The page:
• “I hired Pollock/Spark to help me sharpen my business efforts by focusing on the Clients likely to use my services. He challenges my thinking, helps me become the master of my own destiny and always looks at my situation from a fresh and smart perspective. He hates bullshit and is incisive but always tactful. His contribution is like having your very own management consultancy, except it's like dealing with the partner and not the pimply -faced recent graduate. His experience is earned and wisely applied. You can take away anything you want from me but don't take away my Michael!”                                                                      As seen on
  • “I said good things about you to your face and I'll say them behind your back as well. I thought you navigated a potentially difficult internal political situation at our company very well (difficult because of the self-perception differences between the partners), advertised your services accurately and delivered an analysis that is relevant, clear and integral to creating forward movement.”
  • “You asked many questions that we had let lurk in the shadows and pointed us in the right direction.”

Pollock*Spark works for Design Firms

  • “You took us to a whole new level that we would not have reached on our own.”
  • “Michael (Pollock, pollock|spark) has a very strong ability to focus deeply on a company and draw out important, often overlooked, issues. His suggestions for next steps and action plans are excellent. Michael has been instrumental in helping us clearly define goals and working towards achieving them.”
  • “ ...instrumental in helping us to clearly define goals and working towards achieving them.”
  • “Your support and wisdom have already improved our business, and we're looking forward to continuing the collaboration.”
  • “I am excited about moving forward”
Pollock*Spark works for Filmmakers
  • “Since we [worked together] I have not stopped working. I have been booked solid. I shot nine new spots in the last eight weeks. Being able to shoot with the confidence of knowing my strengths has been a great pleasure. I have never had a run this strong.”
  • “One of the most priceless bits of information that I learned from the sessions was the importance of being able to “tell my story”.... Once I became more comfortable with my story and goals, getting out and networking became a LOT more relaxed and enjoyable. The impact will be huge. What I learned in the coaching sessions will not only help me land jobs in the short-term, I’m certain that they will help lay a foundation for my own production company down the road. “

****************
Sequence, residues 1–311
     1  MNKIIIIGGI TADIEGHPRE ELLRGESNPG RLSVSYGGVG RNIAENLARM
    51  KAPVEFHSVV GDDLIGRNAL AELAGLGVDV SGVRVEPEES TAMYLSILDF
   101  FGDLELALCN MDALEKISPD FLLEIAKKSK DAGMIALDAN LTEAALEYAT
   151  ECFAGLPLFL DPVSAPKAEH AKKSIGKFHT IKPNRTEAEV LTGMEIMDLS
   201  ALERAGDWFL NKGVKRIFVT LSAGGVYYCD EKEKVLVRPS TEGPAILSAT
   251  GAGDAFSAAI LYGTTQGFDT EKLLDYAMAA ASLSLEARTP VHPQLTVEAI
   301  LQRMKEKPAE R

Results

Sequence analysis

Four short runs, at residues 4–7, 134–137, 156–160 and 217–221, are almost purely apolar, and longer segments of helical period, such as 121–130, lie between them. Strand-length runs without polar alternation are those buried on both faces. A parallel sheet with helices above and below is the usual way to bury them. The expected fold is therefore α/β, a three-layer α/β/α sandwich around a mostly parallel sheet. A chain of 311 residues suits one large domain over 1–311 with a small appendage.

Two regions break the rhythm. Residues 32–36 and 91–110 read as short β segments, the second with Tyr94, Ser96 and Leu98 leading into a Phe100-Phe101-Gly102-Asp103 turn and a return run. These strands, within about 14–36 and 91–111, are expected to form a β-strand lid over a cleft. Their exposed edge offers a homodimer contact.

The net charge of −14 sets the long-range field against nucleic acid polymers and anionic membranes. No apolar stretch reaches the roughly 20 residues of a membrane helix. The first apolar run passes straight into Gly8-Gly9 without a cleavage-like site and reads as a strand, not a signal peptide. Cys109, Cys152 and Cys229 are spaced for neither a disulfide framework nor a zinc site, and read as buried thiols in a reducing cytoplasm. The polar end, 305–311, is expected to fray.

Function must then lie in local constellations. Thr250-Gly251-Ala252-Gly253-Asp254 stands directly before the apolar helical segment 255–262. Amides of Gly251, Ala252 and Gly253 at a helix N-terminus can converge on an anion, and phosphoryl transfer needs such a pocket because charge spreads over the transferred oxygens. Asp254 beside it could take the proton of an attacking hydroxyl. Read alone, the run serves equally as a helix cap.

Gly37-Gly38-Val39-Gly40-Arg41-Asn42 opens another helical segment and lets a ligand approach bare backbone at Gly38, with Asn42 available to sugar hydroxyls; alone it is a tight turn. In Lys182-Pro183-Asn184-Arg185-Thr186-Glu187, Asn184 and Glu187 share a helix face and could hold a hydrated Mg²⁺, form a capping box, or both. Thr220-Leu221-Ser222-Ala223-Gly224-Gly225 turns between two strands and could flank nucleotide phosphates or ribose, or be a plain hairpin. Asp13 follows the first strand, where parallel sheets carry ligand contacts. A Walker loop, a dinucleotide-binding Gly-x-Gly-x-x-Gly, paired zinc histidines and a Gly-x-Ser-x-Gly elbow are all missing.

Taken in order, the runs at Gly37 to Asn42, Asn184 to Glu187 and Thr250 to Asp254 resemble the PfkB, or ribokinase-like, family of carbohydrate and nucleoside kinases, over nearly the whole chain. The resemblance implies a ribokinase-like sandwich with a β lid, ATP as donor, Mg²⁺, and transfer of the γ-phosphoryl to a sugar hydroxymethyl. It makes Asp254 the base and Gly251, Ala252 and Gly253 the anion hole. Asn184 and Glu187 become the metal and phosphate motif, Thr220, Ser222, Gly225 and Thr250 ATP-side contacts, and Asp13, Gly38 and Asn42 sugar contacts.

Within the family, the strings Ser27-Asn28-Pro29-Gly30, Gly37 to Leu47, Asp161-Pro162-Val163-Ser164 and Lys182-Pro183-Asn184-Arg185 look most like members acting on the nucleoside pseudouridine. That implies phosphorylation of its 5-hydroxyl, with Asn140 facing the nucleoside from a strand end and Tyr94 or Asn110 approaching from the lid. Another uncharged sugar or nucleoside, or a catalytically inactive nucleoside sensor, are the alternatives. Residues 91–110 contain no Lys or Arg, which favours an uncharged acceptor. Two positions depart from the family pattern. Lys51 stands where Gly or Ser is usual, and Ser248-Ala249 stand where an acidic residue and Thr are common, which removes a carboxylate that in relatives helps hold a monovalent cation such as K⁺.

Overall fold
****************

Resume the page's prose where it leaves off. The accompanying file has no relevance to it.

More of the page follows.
• “this was a terrific experience at just the right time for me.  Thank you, Michael, for your creativity, honesty, and insightfulness.  You’re easy to open up to.  I never felt judged.  You were always prepared and able to quote things I had said 2 sessions before.  It’s invaluable as a human being to be listened to on that level, and incredibly empowering as a businessman.  I wish us both limitless success.  Cheers to you!”
  • “Although you laid out the structure and the “mini-goals”, it gelled in our final meeting beyond what I expected. As if it were a well told story and we came to the third act.  I hope we do another round 12 months from now. It’s really as important to me as seeing your doctor regularly to check your blood pressure etc.”
Pollock*Spark works for Creative Craft Associations
  • “The Pollock*Spark report has served as a trusted guide for the board of directors and the professional staff. It has helped navigate the substantial structural and behavioral changes the association has gone through, helped change the way AICE conducts its business and the way it informs and engages its membership. The difference has been extraordinary. From the attitude of the board to the renewed sense of purpose of the membership, AICE is a reinvigorated association thanks in no small part to the careful and insightful work of pollock*spark.”
Pollock*Spark works for Individual Creative Professionals
  • “I was able to see that I have way more interesting skills/experience than what is outlined on my resume.”
  • “I have, and will continue to recommend the coaching. The coaching sessions truly are a "spark". ...the sessions got me excited about what I've done, what I can do and what I hope to do.  It's one of the best investments you can make if you're in the creative field.”
  • “this (coaching) was a terrific experience .... Thank you for your creativity, honesty, and insightfulness. You're easy to open up to. I never felt judged. You were always prepared and able to quote things I had said 2 sessions before. It's invaluable as a human being to be listened to on that level, and incredibly empowering as a businessman”
  • “I went from lackluster "brand' materials (cover letter, resume etc.) in serious need of improvement to getting job offers and finding new opportunities in the span of weeks."

How to plan your next career move

I assume you have thought about a what-do-I-want-to-be-doing-in-five-years career goal. Though for lots of us it has never quite formed into anything beyond "I want to be happy and in charge of my destiny."

Maybe it feels a bit vague and you can't figure out how you think you are going to get there.  So write something down; make it moderately specific.  And don't panic. It can change.  But find something to write down that you feel good about at least for now - don't feel you are going to be trapped by it.  If you have a few ideas write them all down and then follow these steps for each one.